**Introduction to Measures of Dispersion for Numerical Data**

*When describing a distribution, it is important to have some measure of where the middle is. With a little thought, we can see that, if we have a measure of the middle, we still need more information to describe the distribution fully. For example, are all of the population values the same or are they spread out over a range of values? If they are spread out, how should we measure the spread? Measuring the spread, or dispersion, of population or sample values is the focus of this lesson.*

**Population Measures of Dispersion**

Two distributions can have the same middle but still look very different. As an illustration, consider the two populations presented graphically in the dotplots in Figure 6.1.

For each of the populations, the mean, median, and mode are all 15.Yet, they are different; one is more spread out than the other. The measures of dispersion are used to quantify the spread of the distribution. Range, interquartile range, mean absolute deviation, and standard deviation are four such measures that will be discussed in this lesson.

**Range**

The *range* is the difference in the largest and smallest population values; it is the total spread in the population. In Figure 6.1, *Y* assumes values from 13 to 17, giving a range of 17 – 13 = 4. The range of *X* is 20 – 10 = 10. Because the range of *X* is larger than that of *Y*, more than twice as large in this example, *X* is more spread out; that is, *X* has a larger dispersion than *Y*.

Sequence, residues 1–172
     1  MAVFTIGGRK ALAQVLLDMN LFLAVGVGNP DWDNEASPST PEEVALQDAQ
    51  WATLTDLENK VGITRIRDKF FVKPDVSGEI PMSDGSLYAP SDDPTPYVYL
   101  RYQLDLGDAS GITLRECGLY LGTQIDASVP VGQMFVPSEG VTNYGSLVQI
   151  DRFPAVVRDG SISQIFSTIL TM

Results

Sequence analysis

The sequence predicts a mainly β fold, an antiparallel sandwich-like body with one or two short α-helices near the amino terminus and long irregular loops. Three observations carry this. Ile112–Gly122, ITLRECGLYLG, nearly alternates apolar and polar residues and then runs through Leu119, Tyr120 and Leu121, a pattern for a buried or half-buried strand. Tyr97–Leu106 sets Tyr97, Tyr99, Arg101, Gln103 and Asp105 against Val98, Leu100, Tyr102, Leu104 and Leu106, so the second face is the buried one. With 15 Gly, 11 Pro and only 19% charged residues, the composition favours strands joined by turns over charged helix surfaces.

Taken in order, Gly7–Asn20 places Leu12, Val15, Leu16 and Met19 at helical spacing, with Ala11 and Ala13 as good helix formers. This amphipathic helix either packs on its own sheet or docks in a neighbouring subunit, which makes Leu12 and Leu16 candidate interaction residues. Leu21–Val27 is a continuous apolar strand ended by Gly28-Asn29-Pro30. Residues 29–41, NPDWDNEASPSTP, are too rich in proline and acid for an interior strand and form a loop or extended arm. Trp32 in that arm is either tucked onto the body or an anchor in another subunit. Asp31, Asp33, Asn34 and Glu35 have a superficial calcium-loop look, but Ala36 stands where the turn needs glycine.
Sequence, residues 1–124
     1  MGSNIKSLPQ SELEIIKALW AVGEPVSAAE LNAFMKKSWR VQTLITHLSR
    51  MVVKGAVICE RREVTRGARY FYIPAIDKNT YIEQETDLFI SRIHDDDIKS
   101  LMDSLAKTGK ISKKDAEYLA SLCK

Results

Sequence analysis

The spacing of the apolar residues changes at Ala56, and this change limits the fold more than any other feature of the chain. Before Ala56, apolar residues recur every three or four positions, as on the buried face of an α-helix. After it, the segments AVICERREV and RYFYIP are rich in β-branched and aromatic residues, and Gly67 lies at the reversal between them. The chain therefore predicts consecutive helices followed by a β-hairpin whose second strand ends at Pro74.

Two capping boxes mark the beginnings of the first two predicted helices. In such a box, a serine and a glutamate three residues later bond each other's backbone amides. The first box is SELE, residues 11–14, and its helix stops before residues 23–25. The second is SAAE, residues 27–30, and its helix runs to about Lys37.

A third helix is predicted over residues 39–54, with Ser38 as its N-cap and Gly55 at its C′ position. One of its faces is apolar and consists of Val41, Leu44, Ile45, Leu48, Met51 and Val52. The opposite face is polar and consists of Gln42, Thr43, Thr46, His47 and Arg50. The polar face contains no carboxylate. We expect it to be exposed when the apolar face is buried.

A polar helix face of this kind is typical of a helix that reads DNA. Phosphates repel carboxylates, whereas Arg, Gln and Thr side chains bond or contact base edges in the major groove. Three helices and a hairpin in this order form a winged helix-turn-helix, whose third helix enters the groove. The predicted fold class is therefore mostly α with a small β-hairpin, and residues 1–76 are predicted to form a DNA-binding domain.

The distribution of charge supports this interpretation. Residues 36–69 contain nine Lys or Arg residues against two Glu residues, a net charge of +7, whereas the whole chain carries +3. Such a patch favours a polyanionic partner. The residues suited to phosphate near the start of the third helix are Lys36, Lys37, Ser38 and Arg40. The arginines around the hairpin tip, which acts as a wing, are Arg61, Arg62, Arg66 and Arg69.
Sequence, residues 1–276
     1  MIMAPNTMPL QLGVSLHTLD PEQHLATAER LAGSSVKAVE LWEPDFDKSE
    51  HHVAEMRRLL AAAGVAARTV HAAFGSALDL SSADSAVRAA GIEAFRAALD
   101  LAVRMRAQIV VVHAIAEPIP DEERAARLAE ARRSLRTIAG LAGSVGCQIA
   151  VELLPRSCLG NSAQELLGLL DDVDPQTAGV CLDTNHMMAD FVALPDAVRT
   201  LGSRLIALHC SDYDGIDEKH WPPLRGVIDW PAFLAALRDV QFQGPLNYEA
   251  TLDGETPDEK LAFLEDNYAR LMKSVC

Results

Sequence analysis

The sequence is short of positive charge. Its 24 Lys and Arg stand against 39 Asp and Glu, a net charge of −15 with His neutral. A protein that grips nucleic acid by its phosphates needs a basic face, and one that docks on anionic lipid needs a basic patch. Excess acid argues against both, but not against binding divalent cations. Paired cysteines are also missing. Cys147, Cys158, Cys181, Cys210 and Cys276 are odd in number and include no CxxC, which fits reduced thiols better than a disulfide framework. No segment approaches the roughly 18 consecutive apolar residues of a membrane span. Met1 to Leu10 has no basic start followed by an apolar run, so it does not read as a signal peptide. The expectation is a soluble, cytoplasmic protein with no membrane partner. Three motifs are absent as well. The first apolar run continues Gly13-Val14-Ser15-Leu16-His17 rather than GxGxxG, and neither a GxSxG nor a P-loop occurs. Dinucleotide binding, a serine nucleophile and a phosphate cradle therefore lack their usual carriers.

**Example**

Find the range of heights of the high school orchestra members that were first discussed in Lesson 4.

**Solution**

The tallest orchestra member is 83.8 inches tall, and the shortest is 53.5 inches tall. The range of the heights is 83.8 – 53.5 = 30.3 inches, more than 2.5 feet!

**Interquartile Range**

Although the range in the heights of orchestra members is large (30.3 inches), most of the orchestra members are much closer in height than this indicates. The range is a crude measure of the dispersion of the population distribution. For example, consider the dotplot for the population distribution of *Z* in Figure 6.2.

Notice the range of *Z* is 4 as is the range of *Y* in Figure 6.1. Both *Y* and *Z* have means, medians, and modes of 15. Yet, the distribution of *Z* appears to be more spread out than that of *Y*. We need another measure to capture this dispersion. We will explore two such measures, beginning with the interquartile range.

The range is greatly affected by exceptionally small or large values in a population. Instead of looking at the range of all population values, the *interquartile range* measures the spread in the middle half of the data. To find the interquartile range, we must first find the quartiles. The *quartiles* are the values that divide the population into fourths, just as the median divided the population in half. The first quartile separates the bottom 25% of the data from the top 75&% of the data. The second quartile separates the bottom 50% of the data from the top 50% of the data. But, wait. That is exactly what the median does! The *second quartile* and the *median* are different names for the same quantity. The third quartile separates the bottom 75% of the data from the top 25% of the data.

The first and third quartiles are found by separating the lower half of the population values from the upper half of the population values. If there is an odd number of population values, the median is excluded from both halves. The first quartile, denoted by *Q*_{1}, is the median of the bottom half of the population. The third quartile, *Q*_{3}, is the median of the top half of the population values. The *interquartile range* (IQR) is then:

*IQR* = *Q*_{3} – *Q*_{1}

The *IQR* is the range or spread of the middle half of the population values.

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